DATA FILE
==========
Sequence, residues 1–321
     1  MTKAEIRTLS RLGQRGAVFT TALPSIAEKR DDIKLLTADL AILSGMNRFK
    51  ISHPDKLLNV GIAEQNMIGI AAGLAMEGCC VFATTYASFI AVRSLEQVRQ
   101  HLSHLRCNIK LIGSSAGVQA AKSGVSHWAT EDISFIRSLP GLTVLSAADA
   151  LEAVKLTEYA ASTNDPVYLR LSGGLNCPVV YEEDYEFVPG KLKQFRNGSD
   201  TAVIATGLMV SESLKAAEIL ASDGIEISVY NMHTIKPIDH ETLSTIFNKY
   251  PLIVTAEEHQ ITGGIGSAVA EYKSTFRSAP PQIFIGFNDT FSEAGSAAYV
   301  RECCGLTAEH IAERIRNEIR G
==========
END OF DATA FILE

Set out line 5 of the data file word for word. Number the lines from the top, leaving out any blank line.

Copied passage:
   151  LEAVKLTEYA ASTNDPVYLR LSGGLNCPVV YEEDYEFVPG KLKQFRNGSD